I do not blog. I have never blogged, and no, I am not about to start. I do not consider myself a writer. As a matter of fact, my days at the University were spent failing my written papers, and if my life depended on it, and a gun put to my head, I’d be shot. The situation is so dire, my sister jokes that I learnt to read/write English from a box of cereal. Also, since I spend plenty of time criticizing authors and bloggers and writers and papers, I would rather stick to what I know… Singing.
That being said, I realized possibly too late that I have something to say about FEB 28th. I am reminded of the scene in A King’s Speech where the soon-to-be King was with his speech therapist rehearse in the cathedral and despite his stutters and stammers shouts “I HAVE A VOICE!” Like him, I too need to be heard.
I will begin by saying that I do have my reservations about Feb 28th. Like every cynical blogger, twitter and super-analytical Kenyan and activist, I can engage you in a 4 hour conversation on the flaws of the “philosophy” or “ideology” or whatever different people have tagged FEB 28th. I struggle with the ‘And then what?” question. The idea of “the world watching” and a myriad of others details that I can defend as an activist. If you gave me another hour I would give you a SWOT analysis – my very own Powerpoint presentation, and an extensive talk on the Middle Class in Kenya, why making us sing the national anthem is a bad idea, and major points on a revolution. Then I would crown it with a song to finish it off on an emotional note.
When one says FEB 28th, what run through my mind are those common NGO phrases that make us laugh and/or annoy us. Expressions like ‘mobilize’, ‘resources’, ‘sustainability’, ‘funding’, ‘grassroots’, ‘disadvantaged’, ‘civil society’, ‘social capital’ and so on and so forth. Clichés. These are the things that I am exposed to on an everyday basis while interacting with my colleagues in the NGO sector, during the gigs I have played.
This morning, however, my thinking was challenged.
I am a born again Christian. I make no apologies about my faith and belief in Christ. This Sunday morning it dawned on me that when we are in trouble we do not hesitate to pray, whether it is for those we love, or simply turning to God for direction and comfort. I thought of those that struggled for our country’s independence and I shuddered to think that they would be saddened by the state of the government and our country today. I was sad, for in all my life I have never prayed for my country. I have never spent all of 5 minutes pleading for the Lord to bless our nation.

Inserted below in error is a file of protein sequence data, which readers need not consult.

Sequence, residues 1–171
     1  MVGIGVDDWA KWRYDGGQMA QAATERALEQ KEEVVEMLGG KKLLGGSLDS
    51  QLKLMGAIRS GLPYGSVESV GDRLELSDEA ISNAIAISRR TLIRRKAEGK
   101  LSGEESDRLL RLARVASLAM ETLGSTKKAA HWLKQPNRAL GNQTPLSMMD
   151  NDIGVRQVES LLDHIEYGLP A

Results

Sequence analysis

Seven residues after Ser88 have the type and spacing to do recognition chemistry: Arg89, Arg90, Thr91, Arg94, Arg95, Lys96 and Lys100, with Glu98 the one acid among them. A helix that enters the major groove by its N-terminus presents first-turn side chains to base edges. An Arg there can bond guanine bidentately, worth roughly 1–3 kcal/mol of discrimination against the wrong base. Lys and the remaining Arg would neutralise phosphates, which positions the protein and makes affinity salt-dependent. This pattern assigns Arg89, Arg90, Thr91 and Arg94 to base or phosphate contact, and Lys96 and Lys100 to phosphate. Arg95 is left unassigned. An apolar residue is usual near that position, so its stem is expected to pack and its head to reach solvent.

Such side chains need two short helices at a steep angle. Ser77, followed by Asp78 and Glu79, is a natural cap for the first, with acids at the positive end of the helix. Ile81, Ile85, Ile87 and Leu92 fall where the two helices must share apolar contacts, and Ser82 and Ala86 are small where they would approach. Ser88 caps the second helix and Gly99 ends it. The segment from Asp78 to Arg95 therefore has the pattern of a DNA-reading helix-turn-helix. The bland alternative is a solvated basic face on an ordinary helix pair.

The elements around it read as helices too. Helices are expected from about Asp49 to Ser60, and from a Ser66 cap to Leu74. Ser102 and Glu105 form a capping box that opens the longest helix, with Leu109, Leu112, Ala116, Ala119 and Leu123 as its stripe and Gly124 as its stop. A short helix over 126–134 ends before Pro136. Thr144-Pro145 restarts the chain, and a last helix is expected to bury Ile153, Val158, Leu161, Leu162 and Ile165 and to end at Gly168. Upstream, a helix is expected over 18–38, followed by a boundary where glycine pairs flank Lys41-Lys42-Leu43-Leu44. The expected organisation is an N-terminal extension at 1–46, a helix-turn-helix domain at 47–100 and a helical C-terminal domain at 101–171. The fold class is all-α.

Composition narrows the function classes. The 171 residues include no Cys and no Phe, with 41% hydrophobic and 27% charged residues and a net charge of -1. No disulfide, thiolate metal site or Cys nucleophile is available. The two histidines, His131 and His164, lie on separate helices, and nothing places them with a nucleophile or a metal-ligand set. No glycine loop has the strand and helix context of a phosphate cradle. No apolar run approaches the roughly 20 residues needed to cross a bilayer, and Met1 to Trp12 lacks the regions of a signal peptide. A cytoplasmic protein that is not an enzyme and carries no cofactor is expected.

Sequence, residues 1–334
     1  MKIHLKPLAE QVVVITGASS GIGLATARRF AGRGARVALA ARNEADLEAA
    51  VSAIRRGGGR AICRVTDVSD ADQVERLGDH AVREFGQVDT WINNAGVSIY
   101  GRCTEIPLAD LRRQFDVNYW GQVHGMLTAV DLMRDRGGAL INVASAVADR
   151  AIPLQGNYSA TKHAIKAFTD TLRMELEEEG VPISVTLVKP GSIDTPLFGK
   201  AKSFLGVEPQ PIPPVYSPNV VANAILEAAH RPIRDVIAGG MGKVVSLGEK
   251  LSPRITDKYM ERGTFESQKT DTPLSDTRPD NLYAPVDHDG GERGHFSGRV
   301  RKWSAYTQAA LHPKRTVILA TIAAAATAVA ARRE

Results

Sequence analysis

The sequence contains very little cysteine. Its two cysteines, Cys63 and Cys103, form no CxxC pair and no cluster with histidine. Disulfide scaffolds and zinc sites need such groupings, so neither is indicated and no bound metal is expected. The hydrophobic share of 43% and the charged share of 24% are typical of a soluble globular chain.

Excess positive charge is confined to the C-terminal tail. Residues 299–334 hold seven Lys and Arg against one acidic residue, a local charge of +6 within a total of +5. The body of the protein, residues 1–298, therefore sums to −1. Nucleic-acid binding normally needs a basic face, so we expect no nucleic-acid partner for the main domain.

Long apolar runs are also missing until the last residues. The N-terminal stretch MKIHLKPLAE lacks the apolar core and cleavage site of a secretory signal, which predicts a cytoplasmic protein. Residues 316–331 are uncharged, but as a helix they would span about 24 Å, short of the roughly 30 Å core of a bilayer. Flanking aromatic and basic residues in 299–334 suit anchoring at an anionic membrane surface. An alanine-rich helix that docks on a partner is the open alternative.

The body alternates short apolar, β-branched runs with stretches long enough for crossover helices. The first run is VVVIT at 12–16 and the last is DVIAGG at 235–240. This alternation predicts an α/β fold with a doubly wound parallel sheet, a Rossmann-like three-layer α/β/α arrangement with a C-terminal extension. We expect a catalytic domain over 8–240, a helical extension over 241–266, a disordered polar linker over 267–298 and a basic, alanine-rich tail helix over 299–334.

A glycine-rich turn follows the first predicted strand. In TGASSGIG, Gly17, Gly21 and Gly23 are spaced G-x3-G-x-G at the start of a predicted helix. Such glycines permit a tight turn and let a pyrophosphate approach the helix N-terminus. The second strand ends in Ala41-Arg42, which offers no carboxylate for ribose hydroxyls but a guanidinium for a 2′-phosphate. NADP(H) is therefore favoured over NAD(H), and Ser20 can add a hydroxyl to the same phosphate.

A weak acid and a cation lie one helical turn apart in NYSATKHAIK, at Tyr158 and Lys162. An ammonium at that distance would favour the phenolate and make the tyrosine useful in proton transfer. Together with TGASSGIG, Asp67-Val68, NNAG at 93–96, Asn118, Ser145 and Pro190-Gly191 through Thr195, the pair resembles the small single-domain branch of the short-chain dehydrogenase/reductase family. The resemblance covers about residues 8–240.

I doubt that singing the national anthem will cause a great revolution. Were we not forced by our primary and high school teachers to stand at attention, raise the flag and sing the anthem every Monday and Friday during assembly? If this were the basis of a revolution, my goodness what a great one Kenya would have. Powered by school children. Besides, how many of you reading this can get past the first verse?
Nonetheless I will pray for the country during those 5 minutes. Quietly in my room I will recite the words of our national anthem to God, for those great musicians that wrote the anthem prayed that Justice would be our shield and defender – we have been overtaken by corruption, where they hoped that we would have peace, we have killed each other. Like our own lives we desire to be blessed but hardly ever do we pray for a blessing for our nation. I imagine that as those great songwriters wrote that beautiful piece of music they shed a tear or two. Prayer can change things and people. And this time, in the secrecy of my home, I will pray. I have sung the anthem countless times, both locally and internationally, before dignitaries and laymen alike. Once again, tomorrow I will sing our national anthem. I will sing it like I’ve never sung it before and this time I will mean it. Because I will be praying.
Sara Mitaru is a Singer/Songwriter, UN Habitat Messenger of Truth, and UNMC MDG advocate based in Nairobi. Follow her on Twitter @saramitaru